Why we’re obsessed with Jane Austen and Regency-era romance
THE OPPOSITE OF SEX
Why we’re obsessed with Jane Austen and Regency-era romance
Last year, there was no dodging Marie Antoinette. No sooner had Sophia Coppola’s opulent biopic hit the screens than retailers began stocking their shelves with wallpaper, area rugs, wrap dresses, fountain pens and paper plates, all splattered with the ornate symmetry of Versailles.
This year, we’ve swapped one 18th-century feminine prototype for another, considerably less flamboyant, one. On Aug. 10, Becoming Jane, a film based very liberally on Jane Austen’s early life—starring Anne Hathaway as an implausibly sultry Jane—opens across North America. In the fall, an adaptation of Karen Joy Fowler’s novel, The Jane Austen Book Club, about six people who meet to discuss Austen’s novels—and find surprising parallels in the plots of their own lives—will hit theatres. Masterpiece Theatre has announced it will air film versions of every Austen novel, in addition to a new drama based on the author’s private letters.
When she’s not appearing on screen, Austen is busily inspiring reams of new fiction. One theme is increasingly ubiquitous: contemporary women who, dissatisfied and over-
worked, become obsessed with the cozy world Austen paints. For instance, Confessions of Jane Austen Addict by Laurie Viera Rigler, due this fall, is the tale of a modern-day woman “nursing a broken engagement with Jane Austen novels and Absolut” who . wakes up one morning to find she is inhabiting the body of an upper-class maiden in Regency England. Similarly, the re" centiy released Austenland, 'fAm by Shannon Hale, is about a thirtysomething woman who harbours an obsession 'T5, with Fitzwilliam Darcy (as played by Colin Firth in the BBC A. adaptation of Pvidc utid modern-day Prejudice), and acts out her fantasies in an Austen-themed resort. Adding to the mix are Lost in Austen, an “interactive” choose-your-own-adventure in which the reader’s mission is “to marry both prudently and for love” and Margaret C. Sullivans’s The Jane Austen Handbook, which offers Austenophiles “step-by-step instructions to proper comportment” in the author’s time. When the first round of Austen-inspired romantic comedies—Clueless and, later, Bridget Jones’s Diary—emerged in the mid-’90s, critics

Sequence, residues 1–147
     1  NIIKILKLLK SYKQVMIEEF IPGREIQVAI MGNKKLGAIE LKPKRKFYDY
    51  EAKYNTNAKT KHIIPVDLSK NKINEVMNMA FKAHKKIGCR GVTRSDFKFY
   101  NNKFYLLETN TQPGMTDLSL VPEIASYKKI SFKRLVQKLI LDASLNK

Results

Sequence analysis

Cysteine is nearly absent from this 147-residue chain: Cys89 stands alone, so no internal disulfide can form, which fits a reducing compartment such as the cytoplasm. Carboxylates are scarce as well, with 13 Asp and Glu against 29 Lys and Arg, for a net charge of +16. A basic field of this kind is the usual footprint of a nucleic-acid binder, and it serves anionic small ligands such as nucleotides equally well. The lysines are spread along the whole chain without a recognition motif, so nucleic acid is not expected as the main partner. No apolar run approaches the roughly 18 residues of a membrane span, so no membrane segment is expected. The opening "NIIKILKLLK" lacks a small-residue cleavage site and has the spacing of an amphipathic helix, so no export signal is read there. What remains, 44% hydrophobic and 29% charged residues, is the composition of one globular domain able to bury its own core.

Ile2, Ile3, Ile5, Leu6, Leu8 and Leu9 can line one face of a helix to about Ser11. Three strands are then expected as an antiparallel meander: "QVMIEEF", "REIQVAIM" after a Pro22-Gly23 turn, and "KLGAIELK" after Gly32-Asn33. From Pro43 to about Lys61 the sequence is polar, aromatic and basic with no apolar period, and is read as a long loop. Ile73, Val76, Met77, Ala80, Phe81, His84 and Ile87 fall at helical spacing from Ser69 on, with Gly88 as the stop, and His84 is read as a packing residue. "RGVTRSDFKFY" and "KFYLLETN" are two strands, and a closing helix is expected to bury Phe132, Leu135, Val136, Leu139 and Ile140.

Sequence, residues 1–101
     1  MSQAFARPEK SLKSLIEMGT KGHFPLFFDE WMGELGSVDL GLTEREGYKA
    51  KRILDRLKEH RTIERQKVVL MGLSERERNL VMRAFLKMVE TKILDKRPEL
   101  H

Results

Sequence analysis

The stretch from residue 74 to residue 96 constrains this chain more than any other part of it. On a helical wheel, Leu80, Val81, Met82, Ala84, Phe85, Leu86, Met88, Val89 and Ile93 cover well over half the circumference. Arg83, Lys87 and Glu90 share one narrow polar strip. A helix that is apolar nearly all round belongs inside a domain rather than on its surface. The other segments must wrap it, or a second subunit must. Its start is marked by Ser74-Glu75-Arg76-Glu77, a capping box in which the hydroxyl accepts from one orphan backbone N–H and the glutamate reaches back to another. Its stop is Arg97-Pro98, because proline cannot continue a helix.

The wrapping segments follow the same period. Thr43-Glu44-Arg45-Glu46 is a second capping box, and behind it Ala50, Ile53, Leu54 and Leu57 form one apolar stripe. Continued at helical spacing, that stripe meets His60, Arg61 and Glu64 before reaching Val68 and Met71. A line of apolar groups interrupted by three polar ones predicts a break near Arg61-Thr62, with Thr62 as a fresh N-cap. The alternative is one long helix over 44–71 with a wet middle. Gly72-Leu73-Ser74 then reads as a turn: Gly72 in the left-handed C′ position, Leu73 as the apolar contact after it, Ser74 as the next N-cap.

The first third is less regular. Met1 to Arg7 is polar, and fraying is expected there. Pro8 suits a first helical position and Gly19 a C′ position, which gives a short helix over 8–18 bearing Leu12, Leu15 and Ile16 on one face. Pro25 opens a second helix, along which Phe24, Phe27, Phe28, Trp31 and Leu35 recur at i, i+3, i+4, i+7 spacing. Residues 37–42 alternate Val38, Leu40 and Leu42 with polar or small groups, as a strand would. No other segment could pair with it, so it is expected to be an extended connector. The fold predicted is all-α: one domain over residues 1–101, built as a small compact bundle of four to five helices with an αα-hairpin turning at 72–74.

complained that the creators wrongly attributed to Austen a brand of klutzy romanticism. More recently, the journalist Rebecca Traister, writing for Salon about this latest explosion of books and films, suggests modern fans have wildly misin■ terpreted Austen’s novels as boycrazy and sentimental. “In the mad dash to find their Darcys,” she writes, “some readers and fans have forgotten that AusV'AAl^ÊÊÊ ten regarded mushy female infatuation as side-splittingly funny... Her heroines are not so much breathless and overcome by their emotions as they are practical and genuine.”